CARLSBAD — Carlsbad and the rest of North County will be facing public transit changes over the next few years as a result of statewide and city budget cuts.
The North County Transit District, or NCTD, presented its Mobility Plan to City Council on Sept. 22, detailing its efforts to cope with a smaller budget.
“We thought we’d have $10 million,” said Julie Austin, director of policy and strategic planning. Due to a loophole in a state law, NCTD will be facing a 20 percent shortfall in its budget as the government makes cutbacks statewide.
NCTD will be redesigning the transit system for the first time in seven years facing the additional challenges of a smaller budget. The goal is to continue providing service to more than 12 million riders without having to eliminate service.
One of the major focuses of the redesign is to assess which routes that are currently serviced by 40-foot buses can use a smaller bus instead. NCTD is looking to have smaller buses comprise at least 25 percent of its fleet in the future.
“We’re trying to provide more with less,” Austin said. “This area is right for smaller buses.”
Mayor Pro Tem Ann Kulchin applauded NCTD’s work in providing clean and attractive buses and trains to the residents of North County. However, she suggested that many people are probably unfamiliar with the transit system and that more could be done to encourage people to try it out.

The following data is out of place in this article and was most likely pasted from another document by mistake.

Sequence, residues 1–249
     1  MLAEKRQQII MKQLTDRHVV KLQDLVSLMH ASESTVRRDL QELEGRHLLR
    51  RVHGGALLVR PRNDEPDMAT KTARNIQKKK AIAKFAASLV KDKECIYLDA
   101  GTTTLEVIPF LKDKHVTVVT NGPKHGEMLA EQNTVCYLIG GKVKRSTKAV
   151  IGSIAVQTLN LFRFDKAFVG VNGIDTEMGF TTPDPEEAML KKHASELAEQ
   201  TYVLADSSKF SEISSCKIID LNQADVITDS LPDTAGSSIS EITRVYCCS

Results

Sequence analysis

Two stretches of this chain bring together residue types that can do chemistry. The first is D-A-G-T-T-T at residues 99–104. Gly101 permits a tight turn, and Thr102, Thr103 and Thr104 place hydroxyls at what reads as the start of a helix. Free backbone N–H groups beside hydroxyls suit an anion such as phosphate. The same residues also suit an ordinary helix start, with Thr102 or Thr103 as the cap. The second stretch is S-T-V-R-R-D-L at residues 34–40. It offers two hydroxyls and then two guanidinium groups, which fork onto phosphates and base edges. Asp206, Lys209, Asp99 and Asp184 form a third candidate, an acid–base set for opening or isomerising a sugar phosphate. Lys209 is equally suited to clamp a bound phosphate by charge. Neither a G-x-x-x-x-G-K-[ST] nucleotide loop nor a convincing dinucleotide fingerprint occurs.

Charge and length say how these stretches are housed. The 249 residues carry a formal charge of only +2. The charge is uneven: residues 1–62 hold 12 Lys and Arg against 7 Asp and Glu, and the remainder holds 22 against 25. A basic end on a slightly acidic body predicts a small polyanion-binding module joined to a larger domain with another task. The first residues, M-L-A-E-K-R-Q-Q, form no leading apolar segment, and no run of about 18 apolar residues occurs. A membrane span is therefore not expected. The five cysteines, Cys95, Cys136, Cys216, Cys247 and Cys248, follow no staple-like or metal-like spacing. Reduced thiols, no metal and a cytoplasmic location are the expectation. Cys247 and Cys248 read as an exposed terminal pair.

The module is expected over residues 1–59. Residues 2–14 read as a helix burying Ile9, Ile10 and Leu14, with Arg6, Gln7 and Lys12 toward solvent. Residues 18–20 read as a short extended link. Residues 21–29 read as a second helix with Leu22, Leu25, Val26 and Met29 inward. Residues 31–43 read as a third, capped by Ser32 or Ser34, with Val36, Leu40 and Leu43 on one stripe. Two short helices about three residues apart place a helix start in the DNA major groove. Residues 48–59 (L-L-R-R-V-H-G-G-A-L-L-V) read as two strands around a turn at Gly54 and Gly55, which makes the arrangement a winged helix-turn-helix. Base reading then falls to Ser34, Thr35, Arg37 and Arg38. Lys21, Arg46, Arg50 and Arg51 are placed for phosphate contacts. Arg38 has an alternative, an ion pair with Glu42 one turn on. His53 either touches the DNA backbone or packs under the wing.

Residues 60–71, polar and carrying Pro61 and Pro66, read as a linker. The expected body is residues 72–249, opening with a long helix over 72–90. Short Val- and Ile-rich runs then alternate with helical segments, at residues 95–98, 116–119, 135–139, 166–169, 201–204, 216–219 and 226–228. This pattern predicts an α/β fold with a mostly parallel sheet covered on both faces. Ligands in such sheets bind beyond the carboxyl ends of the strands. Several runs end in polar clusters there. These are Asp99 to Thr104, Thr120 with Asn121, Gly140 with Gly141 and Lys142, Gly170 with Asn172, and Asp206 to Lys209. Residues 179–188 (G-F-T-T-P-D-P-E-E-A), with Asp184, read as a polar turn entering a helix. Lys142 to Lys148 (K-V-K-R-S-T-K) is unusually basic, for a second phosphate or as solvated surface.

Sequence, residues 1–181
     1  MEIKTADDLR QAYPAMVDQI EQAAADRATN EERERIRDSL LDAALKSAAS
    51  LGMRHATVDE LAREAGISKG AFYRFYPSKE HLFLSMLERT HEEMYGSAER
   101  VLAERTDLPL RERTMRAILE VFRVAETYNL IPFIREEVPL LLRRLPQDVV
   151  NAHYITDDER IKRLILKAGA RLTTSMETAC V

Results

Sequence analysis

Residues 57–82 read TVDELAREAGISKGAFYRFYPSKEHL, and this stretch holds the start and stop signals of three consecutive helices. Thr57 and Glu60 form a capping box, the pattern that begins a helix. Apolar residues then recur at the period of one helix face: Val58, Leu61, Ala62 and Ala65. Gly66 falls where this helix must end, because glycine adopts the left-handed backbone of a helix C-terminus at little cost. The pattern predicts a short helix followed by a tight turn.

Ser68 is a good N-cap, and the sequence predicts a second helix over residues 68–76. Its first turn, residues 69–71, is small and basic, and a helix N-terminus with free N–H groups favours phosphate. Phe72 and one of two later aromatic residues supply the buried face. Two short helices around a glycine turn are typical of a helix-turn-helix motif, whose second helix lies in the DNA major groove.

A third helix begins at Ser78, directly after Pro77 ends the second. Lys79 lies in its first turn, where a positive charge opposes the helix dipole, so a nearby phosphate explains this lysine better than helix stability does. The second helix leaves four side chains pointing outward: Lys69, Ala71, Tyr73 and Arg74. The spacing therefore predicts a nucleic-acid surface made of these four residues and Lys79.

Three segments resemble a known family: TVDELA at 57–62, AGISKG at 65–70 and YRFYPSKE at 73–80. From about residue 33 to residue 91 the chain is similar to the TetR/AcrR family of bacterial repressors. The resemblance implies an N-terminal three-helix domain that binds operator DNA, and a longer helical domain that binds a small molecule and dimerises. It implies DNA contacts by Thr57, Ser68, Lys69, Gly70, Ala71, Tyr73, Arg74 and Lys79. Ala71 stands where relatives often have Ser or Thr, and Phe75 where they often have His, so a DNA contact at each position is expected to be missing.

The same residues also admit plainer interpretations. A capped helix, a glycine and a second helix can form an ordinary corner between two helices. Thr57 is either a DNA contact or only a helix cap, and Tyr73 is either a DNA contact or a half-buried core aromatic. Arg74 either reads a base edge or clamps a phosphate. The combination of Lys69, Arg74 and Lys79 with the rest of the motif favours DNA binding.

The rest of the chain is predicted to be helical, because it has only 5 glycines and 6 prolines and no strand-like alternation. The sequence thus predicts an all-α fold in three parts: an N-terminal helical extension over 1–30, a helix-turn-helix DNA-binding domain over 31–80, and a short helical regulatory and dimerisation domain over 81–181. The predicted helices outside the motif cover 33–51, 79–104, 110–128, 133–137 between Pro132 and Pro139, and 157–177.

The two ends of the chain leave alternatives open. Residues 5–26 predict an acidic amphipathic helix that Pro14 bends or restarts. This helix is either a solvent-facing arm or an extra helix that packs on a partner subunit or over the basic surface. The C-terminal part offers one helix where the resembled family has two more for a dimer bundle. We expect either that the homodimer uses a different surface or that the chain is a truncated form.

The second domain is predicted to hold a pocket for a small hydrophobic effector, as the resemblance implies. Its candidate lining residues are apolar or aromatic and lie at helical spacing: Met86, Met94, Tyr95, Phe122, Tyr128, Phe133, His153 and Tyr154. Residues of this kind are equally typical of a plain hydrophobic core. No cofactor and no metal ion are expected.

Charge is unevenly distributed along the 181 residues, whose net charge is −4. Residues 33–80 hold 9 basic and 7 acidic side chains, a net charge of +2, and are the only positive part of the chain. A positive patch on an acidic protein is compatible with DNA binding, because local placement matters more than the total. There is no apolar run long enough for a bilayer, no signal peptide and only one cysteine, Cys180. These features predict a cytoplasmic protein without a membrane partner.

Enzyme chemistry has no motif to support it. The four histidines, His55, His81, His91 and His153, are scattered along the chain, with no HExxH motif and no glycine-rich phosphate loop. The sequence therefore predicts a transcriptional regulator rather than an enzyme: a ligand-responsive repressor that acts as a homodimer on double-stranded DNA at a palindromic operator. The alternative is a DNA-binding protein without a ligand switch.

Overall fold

“It’s not just a bus,” said Kulchin, referring to a stereotype of public buses as an unappealing form of transportation. “The buses are good looking and the colors are nice.”
Carlsbad is currently served by seven bus routes, with transportation to Legoland, Carlsbad Village, business parks and the Westfield shopping plaza. Two Coaster stops connect Carlsbad residents to the Sprinter, Metrolink and Amtrak for long distance traveling.
NCTD is also looking to decrease its carbon footprint, increase partnerships with companies to provide shuttle services to business parks and to ensure that trips to San Diego and Los Angeles remain feasibly and easy for North County residents.
As NCTD works on its new plan, it is asking for input from the community to help provide the best service possible. Councilman Mark Packard, who serves on the NCTD board of directors, is encouraging people to get involved to help answer questions that have been posed to the community, like how to encourage ridership and identifying what areas need improvement.
“How do you provide mandated service with 20 percent less?” Packard asked. “We have to get these answers by budget time next year.”
NCTD has already hosted one round of public meetings where Austin said they received a lot of “good input” and “creative suggestions.” Four more public workshops will be held throughout the North County area in October to continue gathering outside input on the future of North County transit.
To learn more about the mobility plan or attend a meeting, visit www.goNCTD.com/mobility_plan.htm.